Fourteen years after my mom passed away, I finally got around to cleaning out the boxes containing her belongings. There was lots of memorabilia, and seeing old photos of my mom spawned what I hope is a timely subject.
I noticed in her photos that as she went from childhood to young womanhood to motherhood, and finally to old age, she never went from looking thin to getting a square shape and a big belly! Hmm…thinking, thinking. Seeing those old family photos triggered a question in my mind: What exactly is this “belly fat” phenomenon so many of us battle? And more importantly, why did my mom not have it?
Lynn Mayer, CNC, is a close associate and a Standard Process mentor. During a recent visit in her home, we discussed this very subject. I thought to share some of that conversation with you, my dear readers. Back when I first met Lynn to discuss several health issues, including belly fat, I weighed 160 pounds at a short 5 feet, 4 inches. Approximately 8 months later, I’m at 135 and moving down nicely to my natural weight prior to menopause, 115 to 120 pounds. For whatever it’s worth, to anyone out there agonizing over extra weight, sluggishness, or related symptoms such as middle-age spread, this article is for you!
I would often hear my mom discuss this issue with her neighbor. About other women she would say, “Oh, she’s just in the change of life.” At a certain point in everyone’s life, that change takes place—and sometimes it’s a harsh one at that!
This change of life also applies to men. So listen up gentlemen, as much of what happens to women will also happen to you. In the case of females, this time in our life is referred to as “premenopausal,” and it can last for years. Because this topic involves the complex subject of how changes in the endocrine system cause such disruption, I’ve chosen to keep my explanations and recommendations, based on my conversation with Lynn Mayer, as short, simple, and easy-to-understand as possible.
What causes the so called “change of life” in our bodies as we age?
We all have a highly complex endocrine system. This group of glands and organs is most vital during our childbearing years. When your body senses that this time is coming to an end, regardless of whether or not you had any children, the endocrine system begins to decrease its output of certain hormones either gradually or abruptly. An abrupt decrease may have a medical reason such as a hysterectomy or some other type of disturbance.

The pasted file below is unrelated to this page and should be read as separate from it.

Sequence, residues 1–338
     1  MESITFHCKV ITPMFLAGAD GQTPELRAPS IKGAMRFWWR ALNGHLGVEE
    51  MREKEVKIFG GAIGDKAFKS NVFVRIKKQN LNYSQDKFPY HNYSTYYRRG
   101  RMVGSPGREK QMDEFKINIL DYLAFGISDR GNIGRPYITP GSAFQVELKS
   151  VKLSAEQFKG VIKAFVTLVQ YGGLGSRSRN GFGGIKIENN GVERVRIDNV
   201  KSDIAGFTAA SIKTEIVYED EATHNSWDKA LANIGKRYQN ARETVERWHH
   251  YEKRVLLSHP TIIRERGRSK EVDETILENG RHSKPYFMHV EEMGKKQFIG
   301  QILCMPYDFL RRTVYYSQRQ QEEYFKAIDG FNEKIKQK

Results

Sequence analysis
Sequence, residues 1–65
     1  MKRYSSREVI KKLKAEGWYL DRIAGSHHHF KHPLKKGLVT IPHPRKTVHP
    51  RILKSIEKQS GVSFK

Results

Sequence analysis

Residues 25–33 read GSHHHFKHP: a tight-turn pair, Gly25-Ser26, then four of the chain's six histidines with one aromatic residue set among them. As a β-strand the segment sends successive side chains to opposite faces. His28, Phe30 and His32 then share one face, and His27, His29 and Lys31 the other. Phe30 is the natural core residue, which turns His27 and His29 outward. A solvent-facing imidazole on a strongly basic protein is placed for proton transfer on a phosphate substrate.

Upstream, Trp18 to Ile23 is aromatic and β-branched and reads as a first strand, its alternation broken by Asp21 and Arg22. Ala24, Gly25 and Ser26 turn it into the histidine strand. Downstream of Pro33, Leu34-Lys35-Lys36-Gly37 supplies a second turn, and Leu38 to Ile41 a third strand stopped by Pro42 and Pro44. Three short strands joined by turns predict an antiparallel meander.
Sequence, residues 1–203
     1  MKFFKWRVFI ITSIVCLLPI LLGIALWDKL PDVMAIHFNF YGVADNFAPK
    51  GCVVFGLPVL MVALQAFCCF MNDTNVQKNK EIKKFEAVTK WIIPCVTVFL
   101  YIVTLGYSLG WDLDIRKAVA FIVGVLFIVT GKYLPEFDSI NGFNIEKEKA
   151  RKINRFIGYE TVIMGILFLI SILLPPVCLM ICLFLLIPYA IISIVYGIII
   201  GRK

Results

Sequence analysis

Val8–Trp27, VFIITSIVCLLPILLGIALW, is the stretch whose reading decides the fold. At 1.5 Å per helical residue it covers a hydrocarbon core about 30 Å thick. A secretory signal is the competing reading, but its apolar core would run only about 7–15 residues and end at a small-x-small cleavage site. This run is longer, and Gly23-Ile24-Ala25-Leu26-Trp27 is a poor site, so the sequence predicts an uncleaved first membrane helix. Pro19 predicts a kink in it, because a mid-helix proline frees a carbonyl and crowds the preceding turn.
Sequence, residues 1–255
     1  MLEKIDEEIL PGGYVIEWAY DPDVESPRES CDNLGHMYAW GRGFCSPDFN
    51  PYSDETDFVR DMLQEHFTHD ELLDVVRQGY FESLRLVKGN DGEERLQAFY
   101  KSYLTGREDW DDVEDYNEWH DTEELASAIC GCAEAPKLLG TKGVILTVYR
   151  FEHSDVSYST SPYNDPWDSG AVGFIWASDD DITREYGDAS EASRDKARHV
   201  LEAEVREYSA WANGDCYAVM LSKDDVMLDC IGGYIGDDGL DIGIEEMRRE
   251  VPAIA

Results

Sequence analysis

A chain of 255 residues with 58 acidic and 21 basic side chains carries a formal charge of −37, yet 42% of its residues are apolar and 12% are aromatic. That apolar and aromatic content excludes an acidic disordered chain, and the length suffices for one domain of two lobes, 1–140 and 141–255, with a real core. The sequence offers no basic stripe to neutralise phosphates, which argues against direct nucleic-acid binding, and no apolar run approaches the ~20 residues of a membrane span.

The result of a decrease in hormones is that the body begins to recognize that something is very wrong. In its infinite wisdom, it tries to deliver the message with a cascade of uncomfortable, unwelcome symptoms. Yes, change is an ordeal!
Without making this article into a book, you can get a deeper understanding of the endocrine system here.
What are premenopausal symptoms?
Although many women go through this period of life with little or no symptoms, others experience mild to severe repercussions like the following:
- Changes in menstrual cycle
- Hot flushes (frequently called flashes)
- Vaginal dryness/pain with intercourse
- Frequent urination or incontinence
- Urinary tract infections
- Decreased libido
- Depression, brain fog, fatigue, mood swings
- Weight gain
What medical remedies can be used?
Bio-identical hormones – For the most part, these are considered a safe choice to help relieve premenopausal symptoms. However, according to the Food and Drug Administration (FDA) and several medical specialty groups, the hormones marketed as “bio-identical” and “natural” aren’t any safer than hormones used in traditional hormone therapy, and there’s no evidence that they’re any more effective. Natural means the hormones in the product come from plant or animal sources rather than synthesized in a lab. But many of these products still need to be commercially processed to become bio-identical. From a holistic point of view, as Lynn Mayer and I discussed, I thought to present a safer option.
What are the main culprits behind weight gain and other symptoms?
Due to the complexity of this subject, I’ll only discuss what happens with two of the major hormones when they’re not in balance: adrenaline and cortisol, both of which are produced by the adrenal glands. (Note: The adrenal glands are encased in layers of cholesterol, which is why cholesterol is such an important component of healthy adrenals.)
The adrenaline hormone serves as a warning signal that danger is afoot. It accelerates our heartbeat and increases our rate of breath. It can also produce hyperventilation and asthma-like effects, as well as anxiety, fear, and other symptoms. Adrenalin causes multiple chemical changes in our brains and bodies to help us defend ourselves from whatever danger we’re in—or that we perceive we’re in! In due time, consistent overstimulation caused by the ongoing outpouring of this hormone may cause adrenal fatigue.
Once the adrenals reach this dangerous stage, cortisol becomes dysfunctional. It can no longer do its job of moderating our blood sugar levels and controlling how our bodies use fuel sources (fats, carbs, and proteins). This can cause dysfunctional aerobic/fat burning action so we burn more sugar and less fat. The end result is, of course, belly fat, thigh fat, butt fat, and emotional distress. This leads to a distortion of our once normal size, and it affects our overall health. It may contribute to diabetes, heart disease, depression, and many other serious health issues.
What are some natural techniques to bring hormones into balance?
Once again, I can only share the techniques I’ve learned from my own experience. I’ll list them in the order of importance and what worked for me.
In my opinion and experience, desire alone will never bring success. After numerous starts and stops, I recognized my incredible laziness when it came to follow through! I finally realized that I catered to my bad habits when I resisted changes that would help me. The worse habit was getting easily discouraged when change was too slow.